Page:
Did “Finding Kendrick Johnson” get a lot of coverage in the U.S.?
Immense amounts. We have 2,500 five-star reviews on Amazon Prime. We’re quite proud of how we performed once we got it out there because it’s just so hard to get your film out. But the people have responded to Hollywood and said, ‘You were wrong, we love this, and we’re gonna keep watching it and sharing it.’ So it’s been gratifying for me to see that all the hard work and getting rejected so many times did finally pay off in terms of getting the film out.
Can you tell something about the Oscar-qualifying run you mentioned earlier?
Yes. We did a rally because we got our Oscar-qualifying run [Laemmle Theater, North Hollywood]. That was a big moment for me as a filmmaker; it was the first time I got that. We asked Jenifer to come to the theater and have a rally outside the theater on opening night, so we were able to have a little press moment out there for KJ, just to amplify the evening. It was definitely a special night. We have been able to make a commercially successful documentary, and now that people see it, KJ’s story is getting out there. That’s really all that matters. His family has more avenues to pursue justice basically for him. Sadly, no matter what people like me do, we’re not going to bring their child back, and we’re not gonna get them justice. And those are the two things they want. So in your heart, you know you fall short because you can’t give them what they really want. They have a big movie out, but they have a big movie out because their kid is dead. It’s not that something good happened. I truly hope that they find some peace, someday, and that the film helps them find some peace in some way. But having lost your child this way, it’s very hard to find any peace in anything.
December 1, 2021
“Finding Kendrick Johnson” (2021, trailer)
FAHRENHEIT 9/11 (2004) DIR – SCR Michael Moore PROD Michael Moore, Kathleen Glynn, Jim Czarnecki ADDITIONAL CAMERA OPERATOR Jason Pollock ED Christopher Seward, Kurt Engfehr, T. Woody Richman CAST Michael Moore, Craig Unger, Jack Cloonan, Dan Briody, Carol Ashley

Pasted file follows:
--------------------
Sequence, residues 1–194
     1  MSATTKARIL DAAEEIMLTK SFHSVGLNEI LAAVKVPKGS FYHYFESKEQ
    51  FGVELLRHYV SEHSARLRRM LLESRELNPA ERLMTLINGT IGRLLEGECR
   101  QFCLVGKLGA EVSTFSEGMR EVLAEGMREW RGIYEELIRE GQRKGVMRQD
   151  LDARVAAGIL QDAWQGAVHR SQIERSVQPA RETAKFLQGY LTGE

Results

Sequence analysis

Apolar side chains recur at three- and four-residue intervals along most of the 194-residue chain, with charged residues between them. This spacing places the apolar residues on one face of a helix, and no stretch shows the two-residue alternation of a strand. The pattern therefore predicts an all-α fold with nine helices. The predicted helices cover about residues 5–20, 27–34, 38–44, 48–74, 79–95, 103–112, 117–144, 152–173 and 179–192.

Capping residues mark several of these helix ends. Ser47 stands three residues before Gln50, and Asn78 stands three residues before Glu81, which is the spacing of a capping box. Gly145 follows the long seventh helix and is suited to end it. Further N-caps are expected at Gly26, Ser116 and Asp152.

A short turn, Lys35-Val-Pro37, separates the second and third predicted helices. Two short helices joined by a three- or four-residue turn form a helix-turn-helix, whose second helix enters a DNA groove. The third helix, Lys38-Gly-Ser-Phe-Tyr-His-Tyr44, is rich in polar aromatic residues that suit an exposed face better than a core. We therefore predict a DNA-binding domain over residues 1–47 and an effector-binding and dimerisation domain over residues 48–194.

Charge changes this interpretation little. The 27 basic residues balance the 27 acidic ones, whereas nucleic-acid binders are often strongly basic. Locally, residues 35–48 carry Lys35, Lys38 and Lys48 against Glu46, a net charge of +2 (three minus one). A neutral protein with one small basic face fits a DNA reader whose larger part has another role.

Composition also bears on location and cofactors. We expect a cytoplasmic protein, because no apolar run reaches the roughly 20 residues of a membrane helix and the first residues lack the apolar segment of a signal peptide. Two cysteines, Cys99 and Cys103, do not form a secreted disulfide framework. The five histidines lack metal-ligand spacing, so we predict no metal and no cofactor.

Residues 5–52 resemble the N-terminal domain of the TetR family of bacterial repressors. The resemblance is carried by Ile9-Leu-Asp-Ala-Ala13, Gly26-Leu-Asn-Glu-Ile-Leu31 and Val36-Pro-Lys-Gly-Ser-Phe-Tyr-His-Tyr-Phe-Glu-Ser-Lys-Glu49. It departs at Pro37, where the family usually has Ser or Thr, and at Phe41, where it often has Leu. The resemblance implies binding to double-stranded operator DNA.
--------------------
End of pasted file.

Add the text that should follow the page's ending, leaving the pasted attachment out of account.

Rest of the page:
WORDS AND MUSIC IN HONOR OF FAHRENHEIT 9/11 (2005) DIR Lisa Taback PROD April Adams SUPERVISING PROD Jason Pollock SCR Gregory Doucette CAM Christian Meyers ED Alan Bills CAST Joan Baez, Roseanne Barr, Jeff Gibbs, Valerie Harper, Michael Moore
CAPTAIN MIKE ACROSS AMERICA, U.S. video title SLACKER UPRISING (2007) DIR – SCR Michael Moore FIRST ASSISTANT DIR Jason Pollock PROD Michael Moore, Monica Hampton ASSOCIATE PROD Jason Pollock CAM Bernardo Loyola, Kirsten Johnson ED Bernardo Loyola, David Feinberg CAST Michael Moore, Eddie Vedder, Robert Ellis Orrall, Steve Earle, Celeste Zappala, Eric Blickenstaff, Anthony Pietsch, Dante Zappala, Joan Baez, Viggo Mortensen, Roseanne Barr
THE YOUNGEST CANDIDATE (2008) DIR – SCR Jason Pollock PROD Jason Pollock, David Letterman, Gus Roxburgh, Shaun Murphy, Lawrence Bender CAM Jason Pollock, Keyan Safyari ED Andy Grieve CAST Ytit Chauhan, Raul De Jesus, George Monger, Tiffany Tupper
STRANGER FRUIT (2017) DIR – SCR – PROD Jason Pollock CAM Jason Pollock, Beth Cloutier ED Jason Pollock, Kurt Engfehr CAST Michael Brown Sr., Maxine Brown, Banjamin Crump, Bernard Ewings, Anthony Gray, Patrick Green, Dorian Johnson, Brittanie McSpadden, Lezley McSpadden, Geneva Reed-Veal
FINDING KENDRICK JOHNSON (2021) DIR – SCR Jason Pollock PROD Jason Pollock, Malcolm D. Lee, Amy McCampbell CO-PROD Jeremy Brunson, Mariah Stewart EXEC PROD Jenifer Lewis, Kurt Engfehr, Elizabeth Hurwitz, Lenny Beckerman, Hill Harper, Dia Sokol Savage CAM D. Alan Mills ED Jason Pollock, Kurt Engfehr MUS Dan Edinberg CAST Mitch Credle, Jackie Johnson, Kenneth Johnson, Jenifer Lewis (Narrator)